4. 4. 1 Introduction<br /> Recent social media offers us a new way of communicating and it helps politicianscreate an efficient method to communicate citizens. <br /> Therefore,weaimtodevelopsoftware that can capture a massive political communication usage data generated by social networking sites and citizen’s social media sites. Specifically, on Cyworld.<br />
  5. 5. The title of the Mini-Homepage<br />Counts of visitors<br />Mainmenu<br />Favorite menu<br />①<br />②<br />③<br />Condition of the host<br />The status of the Mini-Homepage<br />①How active ②How famous ③How friendly<br />Mini room (Editable by the host)<br />Basic information of the host<br />Link : CyworldMini-Homepage(Geun-Hye Park)<br />
  6. 6. 2 Related Studies<br />1. Automatic tracking online political communication(Therepresentativeexercise has been conducted by Canada’s Infoscape Lab). <br /> 2. Sentimentalanalysisofsocialnetworking sites.<br /> ThesetoolsapplyonlyEnglishandgender differences in political user-generated feedback haven’t be fully explored. <br /> This presents an opportunity to examine South Korean politicians’ networking site and observe the citizen’s behavior.<br />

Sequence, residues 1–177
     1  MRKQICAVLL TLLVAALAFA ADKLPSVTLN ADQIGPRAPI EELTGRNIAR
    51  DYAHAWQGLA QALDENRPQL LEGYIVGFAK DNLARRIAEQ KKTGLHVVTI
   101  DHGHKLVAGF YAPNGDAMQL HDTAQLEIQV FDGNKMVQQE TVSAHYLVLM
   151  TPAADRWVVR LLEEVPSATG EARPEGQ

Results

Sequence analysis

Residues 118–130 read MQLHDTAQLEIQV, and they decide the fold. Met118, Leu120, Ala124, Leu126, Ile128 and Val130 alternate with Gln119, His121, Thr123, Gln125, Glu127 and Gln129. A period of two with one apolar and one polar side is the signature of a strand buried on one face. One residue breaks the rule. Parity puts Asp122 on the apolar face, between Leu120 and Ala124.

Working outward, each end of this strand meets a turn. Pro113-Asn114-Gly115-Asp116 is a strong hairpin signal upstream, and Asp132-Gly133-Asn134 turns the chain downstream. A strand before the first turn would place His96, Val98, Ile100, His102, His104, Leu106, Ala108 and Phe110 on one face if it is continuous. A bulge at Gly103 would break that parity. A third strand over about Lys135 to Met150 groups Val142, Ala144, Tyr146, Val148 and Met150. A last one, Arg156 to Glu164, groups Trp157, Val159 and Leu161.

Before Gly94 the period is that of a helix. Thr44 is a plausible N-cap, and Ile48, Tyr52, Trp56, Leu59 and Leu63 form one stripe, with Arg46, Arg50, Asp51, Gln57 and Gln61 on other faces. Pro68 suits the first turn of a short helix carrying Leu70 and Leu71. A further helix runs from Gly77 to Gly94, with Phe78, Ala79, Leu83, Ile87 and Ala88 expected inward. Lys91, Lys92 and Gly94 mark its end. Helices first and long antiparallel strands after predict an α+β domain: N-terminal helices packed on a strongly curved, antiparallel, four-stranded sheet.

7. 7. 3 Data collection<br /> TheURLsofoppositionandrulingSouth Korean politicians who own social networking sites on Cyworld, as of 21st May 2009, were located. <br /> The comments on their Cyworld between 1st April 2008(&lt;- the month of National Assembly Member election)and 14th June 2009 were automatically collected.<br />
  8. 8. 3 Data collection<br /> Collect only the gender and comment of the post-generator information due to the criticism on the lack of anonymity andtheabsenceof the clear willingness of participation. <br /> The data relating to these users was removed from the study. Of the 90 political profiles, except nine had high private options or had no post, 81 were successfully scraped.<br />